Woman sues Dutch state for taking her child away in the 1960s
Trudy Scheele-Gertsen is suing the Dutch State for forcing her to give up her child in the 1960s. This is the first time that a Dutch mother is holding the State liable for the suffering caused to her by having her child removed from her custody. "What happened to me and my son is degrading", she said to newspaper Trouw.
The now 73-year-old woman told the newspaper that she was forced to give up her son in the 1960s because she got pregnant while unmarried. At that time, care for unmarried mothers was entirely focused on separating mother and child, despite the fact that it was already established in Dutch and international legislation that the bond between mother and child must be retained where possible, according to her lawyer Lisa-Marie Komp.
Scheele-Gertsen, then 22 years old, also never wanted to give up her child. The Child Protection Board could have known that, according to the lawyer, because Scheele-Gertsen stated on several occasions that she wanted to raise her son herself. The boy ended up living in a children's home for three years before he was adopted. Last year Scheele-Gertsen read in his file that he cried a lot and missed his mother in that period, according to Trouw.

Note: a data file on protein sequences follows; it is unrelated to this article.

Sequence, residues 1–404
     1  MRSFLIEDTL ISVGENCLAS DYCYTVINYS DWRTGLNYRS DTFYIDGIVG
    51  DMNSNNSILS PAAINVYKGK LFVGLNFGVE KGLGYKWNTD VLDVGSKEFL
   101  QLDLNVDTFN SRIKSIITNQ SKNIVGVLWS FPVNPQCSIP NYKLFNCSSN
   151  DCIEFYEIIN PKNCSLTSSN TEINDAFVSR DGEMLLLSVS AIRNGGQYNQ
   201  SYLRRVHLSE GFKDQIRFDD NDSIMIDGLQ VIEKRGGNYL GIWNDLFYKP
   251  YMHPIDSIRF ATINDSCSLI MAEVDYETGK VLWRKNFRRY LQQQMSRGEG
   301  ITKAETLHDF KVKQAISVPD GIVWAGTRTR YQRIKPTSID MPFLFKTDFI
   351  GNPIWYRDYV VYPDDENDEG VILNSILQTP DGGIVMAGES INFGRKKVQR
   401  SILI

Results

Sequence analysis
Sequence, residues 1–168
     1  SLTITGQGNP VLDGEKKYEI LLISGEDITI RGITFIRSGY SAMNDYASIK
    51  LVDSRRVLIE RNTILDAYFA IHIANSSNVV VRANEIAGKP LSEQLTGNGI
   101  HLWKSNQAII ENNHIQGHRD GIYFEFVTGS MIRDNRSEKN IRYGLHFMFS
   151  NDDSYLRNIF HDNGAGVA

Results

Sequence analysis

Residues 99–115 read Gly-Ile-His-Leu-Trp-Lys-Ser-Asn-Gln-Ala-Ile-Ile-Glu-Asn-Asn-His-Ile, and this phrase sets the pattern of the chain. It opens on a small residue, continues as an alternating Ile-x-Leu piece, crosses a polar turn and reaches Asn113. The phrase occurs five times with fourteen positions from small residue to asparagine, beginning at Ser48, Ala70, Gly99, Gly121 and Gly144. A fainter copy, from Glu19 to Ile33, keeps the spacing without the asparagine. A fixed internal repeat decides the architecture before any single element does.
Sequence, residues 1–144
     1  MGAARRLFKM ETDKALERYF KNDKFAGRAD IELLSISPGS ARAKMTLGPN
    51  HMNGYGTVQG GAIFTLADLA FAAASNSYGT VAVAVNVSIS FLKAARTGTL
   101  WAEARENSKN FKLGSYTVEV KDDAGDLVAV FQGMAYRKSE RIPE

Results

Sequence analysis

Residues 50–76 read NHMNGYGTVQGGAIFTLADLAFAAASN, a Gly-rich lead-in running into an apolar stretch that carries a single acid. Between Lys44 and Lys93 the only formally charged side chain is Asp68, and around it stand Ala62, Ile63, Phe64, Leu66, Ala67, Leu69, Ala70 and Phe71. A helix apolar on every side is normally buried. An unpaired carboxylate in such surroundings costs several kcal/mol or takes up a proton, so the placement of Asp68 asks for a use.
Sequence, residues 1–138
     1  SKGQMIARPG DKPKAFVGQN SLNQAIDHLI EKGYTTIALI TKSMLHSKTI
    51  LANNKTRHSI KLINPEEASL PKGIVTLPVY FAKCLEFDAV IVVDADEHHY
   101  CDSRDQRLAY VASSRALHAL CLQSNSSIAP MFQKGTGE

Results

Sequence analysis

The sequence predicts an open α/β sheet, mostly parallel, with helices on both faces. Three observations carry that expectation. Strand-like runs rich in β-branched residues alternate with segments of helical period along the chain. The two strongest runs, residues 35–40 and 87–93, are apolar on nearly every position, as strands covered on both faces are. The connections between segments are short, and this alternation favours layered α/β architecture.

"What happened to me and him was degrading", Scheele-Gertsen said to the newspaper. "That is why I want to expose it." She does not only want recognition for the suffering she endured, but also wants to know exactly happened between 1956 when the adoption law was introduced and 1984 when abortion was legalized in the Netherlands. She wants to know what role the government played in the mid-1950s idea that keeping unmarried mothers and their children together was undesirable.
It is estimated that over 10 thousand women had their children taken away by the State in that period, according to Trouw.
The foundation De Nederlandse Afstandsmoeder is supporting Scheele-Gertsen in her case. Chairman Will van Sebille told the newspaper that she has never come across a woman who willingly gave up her child - without social pressure to do so. "From experience and from conversations with other mothers, we know how drastic renunciation must have been in our lives, and still is, and how many mistakes have been made. Deliberately and accidentally, often arising from policy. Also if that policy came at the expense of unmarried women and girls."